Friday, 9 October 2020
Leading specialists in addiction treatment, public health, health promotion and epidemiology are calling on New Zealanders to vote for cannabis law reform in the current referendum.
In an editorial printed today in the New Zealand Medical Journal, the public health experts say cannabis legalisation offers a once-in-a-generation opportunity for a rational law change which will promote public health and equity.
One of the authors, Professor Michael Baker from the University of Otago, Wellington, comments:
“New Zealand has distinguished itself globally in recent months as a world leader in innovative and evidence-informed approaches to tackling big public health problems.
“It’s time to take the same fresh approach to cannabis law and put public health first. Our prohibition model for cannabis is out-dated and doesn’t work. Supporting law reform is about reframing cannabis use as a health issue which opens up new, more effective ways of minimising harms caused by this drug.”
Professor Papaarangi Reid, the Head of the Department of Māori Health at the University of Auckland, agrees.
“With this legislation we can reduce the harm caused by cannabis by regulating potency, controlling the price and making it harder for young people to access,” she says.
“We’re particularly concerned that Māori have borne the brunt of biased enforcement and the negative health effects of illegal cannabis. We know that Māori are three times more likely to be arrested and convicted of a cannabis-related crime than non-Māori with the same level of use. This is an unacceptably high price to pay, especially for a policy that is not effective at reducing harmful use.”
Professor Louise Signal, Head of the Department of Public Health at the University of Otago, Wellington commented:
“Legalising cannabis under the model proposed in the Bill will significantly improve health outcomes, particularly for young people and other vulnerable populations.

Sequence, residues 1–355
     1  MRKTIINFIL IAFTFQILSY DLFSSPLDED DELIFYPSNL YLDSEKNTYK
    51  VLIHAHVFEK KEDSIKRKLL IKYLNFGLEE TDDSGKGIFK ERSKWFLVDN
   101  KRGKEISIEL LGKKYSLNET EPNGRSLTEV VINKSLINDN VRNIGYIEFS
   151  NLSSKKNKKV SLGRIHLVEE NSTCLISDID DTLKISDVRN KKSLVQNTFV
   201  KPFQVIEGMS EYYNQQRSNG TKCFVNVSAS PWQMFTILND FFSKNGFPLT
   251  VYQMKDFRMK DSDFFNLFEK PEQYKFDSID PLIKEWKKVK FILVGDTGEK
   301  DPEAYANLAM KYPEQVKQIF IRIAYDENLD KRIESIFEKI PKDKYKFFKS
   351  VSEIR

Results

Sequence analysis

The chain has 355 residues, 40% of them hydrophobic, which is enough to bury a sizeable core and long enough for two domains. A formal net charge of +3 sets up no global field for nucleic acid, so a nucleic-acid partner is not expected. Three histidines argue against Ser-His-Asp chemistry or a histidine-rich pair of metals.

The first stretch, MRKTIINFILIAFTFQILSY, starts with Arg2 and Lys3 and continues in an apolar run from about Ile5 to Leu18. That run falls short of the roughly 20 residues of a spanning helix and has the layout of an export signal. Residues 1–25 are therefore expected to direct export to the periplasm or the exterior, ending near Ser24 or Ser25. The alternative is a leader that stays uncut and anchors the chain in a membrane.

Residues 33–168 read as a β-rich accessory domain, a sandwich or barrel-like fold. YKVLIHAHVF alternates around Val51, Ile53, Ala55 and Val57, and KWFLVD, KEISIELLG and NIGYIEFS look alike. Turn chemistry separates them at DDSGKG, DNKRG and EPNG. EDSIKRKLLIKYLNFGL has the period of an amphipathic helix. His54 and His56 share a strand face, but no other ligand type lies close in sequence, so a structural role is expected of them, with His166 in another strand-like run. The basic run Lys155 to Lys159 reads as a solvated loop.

“It will also pay for much needed extra investment in cannabis-related health interventions. We encourage New Zealanders to vote ‘yes’, so the Cannabis Legalisation and Control Bill can be properly debated by Parliament. A ‘no’ vote just shuts down the conversation and leaves us with a status quo that is doing far more harm than good.”
Cannabis is New Zealand’s most commonly used illicit drug, with the latest New Zealand Health Survey figures indicating 15 per cent, or 590,000 adults, used cannabis in the past 12 months.
The editorial, ‘The Cannabis Referendum: why a yes vote offers a net gain for public health’, is published in the New Zealand Medical Journal and is co-authored by:
- Professor Michael Baker, Professor of Public Health, University of Otago, Wellington
- Professor Papaarangi Reid, Head of the Department of Māori Health, Faculty of Medical and Health Sciences, University of Auckland
- Professor Louise Signal, Head of the Department of Public Health, University of Otago, Wellington
- Dr Sam McBride, Community Alcohol and Drug Service, Te-Upoko-me-te-Whatu-o-Te-Ika Mental Health, Addictions & Intellectual Disability Sector 3DHB, New Zealand
For further information contact:
Professor Michael Baker
Department of Public Health
University of Otago, Wellington
Professor Papaarangi Reid
Head of the Department of Māori Health
Faculty of Medical and Health Sciences
University of Auckland
Professor Louise Signal
Head of the Department of Public Health
University of Otago, Wellington